Precisely. And we aren't going to sign a deal that is bad for us, any more than you are. The difference being, we are willing to compromise; to walk away from the table feeling we didn't get everything we wanted in order that everyone comes away a winner. Trump has sent 'negotiators' in to get exactly what he wants, and to use that position to walk away from the table calling it a failure when those unattainable goals aren't reached. No one else will sign one-on-one trade deals with the US if that is to be the Trump Administration's policy - and perhaps even with Trump's successor if the bad taste is still there afterwards.

If Trumps plan is to shrink the economic and diplomatic power of the US, then he might just achieve it. And I hope he gets all the blame credit as well.

In the meantime, we've been broadening our trade options, and with a deal with Europe and soon the Pacific Rim, we'd rather be in NAFTA as well. NAFTA has been beneficial to all 3 countries, and we'd like to maintain that good relationship. But if not, well, we're just not that into you anymore and have already started seeing other countries. ;)


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PostPosted: Wed Nov 15, 2017 9:04 am
 


So, proof that Canada will not back down on removing Section 19 arbitration from NAFTA, or one final trial that we have always won at?

Canada to seek NAFTA dispute resolution panel on U.S. softwood lumber duties


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PostPosted: Wed Nov 15, 2017 12:27 pm
 


A timely article!

Quote:
President Trump keeps touting the 3 percent U.S. GDP growth of the last two quarters and “record” stock prices, and the economy is his best talking point. But he might want to take a look at the latest Journal survey of economists about the impact of a U.S. withdrawal from the North American Free Trade Agreement.

Not a single economist said that the withdrawal Mr. Trump has threatened would help the economy. Some 82 percent said the economy would grow more slowly for the next two years than it would otherwise, and 7 percent predicted a recession. That underestimates the risks of recession in our view, given the political shock from such a reckless act by a U.S. President and the damage that would ensue to North American and even global supply chains.

Mr. Trump is doing well overall on economic policy, with deregulation and support for tax reform. But his Achilles’ heel is his protectionist trade agenda and his lack of knowledge about the international economy.


Quote:
In the years since NAFTA was enacted, U.S. manufacturing has grown, trade has grown, exports have grown, employment has grown, wages have grown, the services industry has absolutely boomed, and consumer prices for many North American–traded goods have gone down. Why mess with a good thing?

Criticisms of NAFTA tend to be either very vague or dramatically sweeping. But the economic data do not support the populist indictment of free trade and free-trade pacts.

The overwhelming consensus among economists is that NAFTA has had a negligible to modestly positive impact on U.S. employment and wages, and a modest to substantial effect on GDP growth — adding as much as 0.5 percent annually by some estimates.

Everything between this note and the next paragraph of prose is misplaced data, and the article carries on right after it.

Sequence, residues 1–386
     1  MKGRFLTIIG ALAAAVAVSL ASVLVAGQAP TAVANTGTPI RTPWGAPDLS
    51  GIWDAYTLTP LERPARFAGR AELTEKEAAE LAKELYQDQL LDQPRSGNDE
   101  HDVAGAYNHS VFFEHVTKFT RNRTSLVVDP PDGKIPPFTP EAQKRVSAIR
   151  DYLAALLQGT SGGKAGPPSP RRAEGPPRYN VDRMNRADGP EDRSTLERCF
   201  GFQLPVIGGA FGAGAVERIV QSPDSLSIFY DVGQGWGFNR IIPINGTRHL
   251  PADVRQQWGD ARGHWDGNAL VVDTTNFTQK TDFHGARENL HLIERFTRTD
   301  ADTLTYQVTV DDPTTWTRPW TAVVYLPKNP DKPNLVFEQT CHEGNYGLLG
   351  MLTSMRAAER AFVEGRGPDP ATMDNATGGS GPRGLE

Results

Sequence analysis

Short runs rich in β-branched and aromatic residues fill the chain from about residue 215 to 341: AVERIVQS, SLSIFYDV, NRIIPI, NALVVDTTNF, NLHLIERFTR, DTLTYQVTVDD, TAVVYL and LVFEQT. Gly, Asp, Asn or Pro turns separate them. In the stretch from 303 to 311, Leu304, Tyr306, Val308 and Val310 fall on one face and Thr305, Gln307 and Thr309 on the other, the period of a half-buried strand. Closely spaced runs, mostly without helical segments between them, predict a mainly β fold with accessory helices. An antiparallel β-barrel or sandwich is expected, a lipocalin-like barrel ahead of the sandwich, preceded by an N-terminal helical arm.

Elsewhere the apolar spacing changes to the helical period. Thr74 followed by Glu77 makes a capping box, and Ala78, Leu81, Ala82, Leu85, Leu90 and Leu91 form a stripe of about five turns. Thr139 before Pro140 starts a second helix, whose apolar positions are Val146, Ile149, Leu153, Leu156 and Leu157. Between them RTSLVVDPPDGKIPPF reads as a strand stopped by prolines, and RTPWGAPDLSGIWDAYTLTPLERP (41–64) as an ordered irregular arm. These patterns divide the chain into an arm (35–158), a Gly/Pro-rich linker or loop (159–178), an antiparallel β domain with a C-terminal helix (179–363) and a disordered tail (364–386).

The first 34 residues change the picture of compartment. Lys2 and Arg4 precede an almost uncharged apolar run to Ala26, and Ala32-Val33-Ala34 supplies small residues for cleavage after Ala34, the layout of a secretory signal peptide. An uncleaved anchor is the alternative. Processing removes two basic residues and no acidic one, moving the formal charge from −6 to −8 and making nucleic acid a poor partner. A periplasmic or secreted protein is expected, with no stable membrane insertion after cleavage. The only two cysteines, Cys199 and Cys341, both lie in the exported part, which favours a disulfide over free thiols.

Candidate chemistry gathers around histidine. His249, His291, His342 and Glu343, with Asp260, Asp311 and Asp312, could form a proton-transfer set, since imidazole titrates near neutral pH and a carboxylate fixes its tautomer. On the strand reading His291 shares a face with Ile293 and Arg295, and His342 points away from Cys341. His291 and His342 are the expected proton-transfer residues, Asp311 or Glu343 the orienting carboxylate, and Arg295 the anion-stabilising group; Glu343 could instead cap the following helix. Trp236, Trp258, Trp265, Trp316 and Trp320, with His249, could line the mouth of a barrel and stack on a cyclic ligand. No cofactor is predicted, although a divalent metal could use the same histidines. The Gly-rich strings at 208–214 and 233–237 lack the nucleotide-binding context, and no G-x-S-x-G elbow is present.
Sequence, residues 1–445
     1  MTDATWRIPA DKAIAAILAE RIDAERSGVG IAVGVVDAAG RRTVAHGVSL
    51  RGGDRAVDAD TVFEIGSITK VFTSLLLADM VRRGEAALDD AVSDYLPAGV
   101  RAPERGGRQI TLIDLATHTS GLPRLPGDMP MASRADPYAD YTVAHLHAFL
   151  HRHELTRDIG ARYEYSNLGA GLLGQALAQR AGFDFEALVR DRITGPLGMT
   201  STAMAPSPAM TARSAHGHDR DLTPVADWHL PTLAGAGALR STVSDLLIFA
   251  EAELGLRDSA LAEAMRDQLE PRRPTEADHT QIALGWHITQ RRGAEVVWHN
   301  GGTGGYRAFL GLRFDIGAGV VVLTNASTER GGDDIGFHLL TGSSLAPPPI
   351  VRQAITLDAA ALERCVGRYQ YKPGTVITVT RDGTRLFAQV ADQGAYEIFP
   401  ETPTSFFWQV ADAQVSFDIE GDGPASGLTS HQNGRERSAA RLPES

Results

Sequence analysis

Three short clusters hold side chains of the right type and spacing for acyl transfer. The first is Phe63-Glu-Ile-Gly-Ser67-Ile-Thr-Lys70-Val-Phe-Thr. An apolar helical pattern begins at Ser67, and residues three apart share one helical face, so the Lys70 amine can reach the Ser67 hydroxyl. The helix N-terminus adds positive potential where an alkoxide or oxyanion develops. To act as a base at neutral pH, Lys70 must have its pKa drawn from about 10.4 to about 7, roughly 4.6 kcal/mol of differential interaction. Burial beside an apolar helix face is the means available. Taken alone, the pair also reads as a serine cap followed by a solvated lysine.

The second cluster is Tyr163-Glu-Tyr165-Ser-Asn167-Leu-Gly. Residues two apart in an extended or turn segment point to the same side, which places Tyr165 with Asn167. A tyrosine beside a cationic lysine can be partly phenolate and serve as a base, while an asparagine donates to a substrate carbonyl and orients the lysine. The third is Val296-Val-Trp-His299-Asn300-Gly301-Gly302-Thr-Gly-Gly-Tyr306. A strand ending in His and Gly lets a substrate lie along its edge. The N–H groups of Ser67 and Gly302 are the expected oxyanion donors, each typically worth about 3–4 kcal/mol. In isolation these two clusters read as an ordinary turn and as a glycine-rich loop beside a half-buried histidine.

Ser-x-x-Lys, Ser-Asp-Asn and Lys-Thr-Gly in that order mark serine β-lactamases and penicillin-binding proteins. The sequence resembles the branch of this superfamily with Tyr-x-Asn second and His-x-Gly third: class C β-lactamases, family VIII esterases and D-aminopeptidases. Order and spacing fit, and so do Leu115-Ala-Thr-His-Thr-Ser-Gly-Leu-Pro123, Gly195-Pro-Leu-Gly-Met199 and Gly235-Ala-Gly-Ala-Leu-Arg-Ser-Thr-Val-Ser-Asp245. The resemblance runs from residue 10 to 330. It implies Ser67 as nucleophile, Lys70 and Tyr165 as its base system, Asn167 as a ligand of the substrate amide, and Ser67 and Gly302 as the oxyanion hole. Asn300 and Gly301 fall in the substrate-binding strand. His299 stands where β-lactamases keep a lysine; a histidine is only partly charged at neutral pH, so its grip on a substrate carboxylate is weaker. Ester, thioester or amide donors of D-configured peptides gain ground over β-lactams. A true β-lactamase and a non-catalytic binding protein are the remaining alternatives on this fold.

If Trump Scraps NAFTA, We’re All Going to Be Much Poorer


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PostPosted: Wed Nov 15, 2017 12:57 pm
 


Quote:
He's a complex individual who thinks three moves ahead of everyone else

Three thumbstrokes behind when he tweets at 3 AM...

Killing NAFTA is about the stupidest move anyone could make. But hell, I don't see the outrage against TPP and the EU trade talks here since the Annoying Orange took over...


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PostPosted: Wed Nov 15, 2017 1:05 pm
 


herbie wrote:
I don't see the outrage against TPP and the EU trade talks here since the Annoying Orange took over...


Because the bits the US business wanted WRT things like copyright and intellectual property have been removed from TPP, and were never in CETA.

Like I wrote, we are seeing other countries now, and that weakens the economic hold the US has over Canada and Mexico.


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PostPosted: Wed Nov 15, 2017 2:00 pm
 


DrCaleb wrote:


The same people said he wouldn't win a primary. Then they said he'd lose to Hillary.

Given their track record if we leave NAFTA we won't know where to put all the money we end up with. :wink:


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PostPosted: Wed Jan 24, 2018 9:03 am
 


Quote:
David Orchard – How the Americans could save us from ourselves on free trade

Posted 24 January 2018 by NNL Staff in Editorial

By David Orchard

In 1854, the Canadian colonies entered a free trade agreement with the United States. In 1866, the Americans cancelled it, believing that the Canadian colonies had become so dependent on the U.S. economically that they would ask, or beg, for entry into the American Union.

Instead, the Canadians decided to take the bold step of independence. They negotiated a union of the Canadian colonies and began building a Canadian-owned and controlled economy, including the world’s longest railway.

Canada’s next major free trade agreement with the U.S. was in 1988 (FTA), later expanded to include Mexico in 1994 (NAFTA). Under their terms, much of Canada’s economy has been bought up by American owners — everything from Hudson’s Bay Company to Tim Hortons and Stelco. Whole industries have been taken over by U.S. investors, including both our national railways. U.S. corporations have the right to sue Canada for any law or regulation that causes them loss or damage and which they feel contravenes the spirit of NAFTA. (Canada has been sued three dozen times and paid out more than $200 million in NAFTA penalties.)

However, the U.S. government may again save us from ourselves.

The U.S. is demanding even greater concessions from Canada in a “renegotiation” of NAFTA, including sweeping rights to buy up what is left of Canada’s economy. It has stated that it is ready to trigger the six-month cancellation clause of NAFTA. In response, the Canadian government has spent millions trying to convince it not to do so.

As in 1866, Canada has a choice: to integrate itself even further into the U.S. economy, giving up the dream of Canadian independence, or it can do what it did in 1866: step forward and build a Canadian-owned, world-class economy. It can stop pleading with the U.S. to keep NAFTA and emerge as a significant competitor to our neighbour, not its colony.

. . .



http://www.netnewsledger.com/2018/01/24 ... ree-trade/


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PostPosted: Wed Jan 24, 2018 9:36 am
 


Any of the negotiators in Canada or Mexico who thinks they're going to come off smelling sweet after dealing with a PoS like Trump is deluded. This fucker thinks he's the master of the deal after going bankrupt countless times. he couldn't run a casino for Christ's sake. The only ones he's fooling are a bunch of mouthbreathers.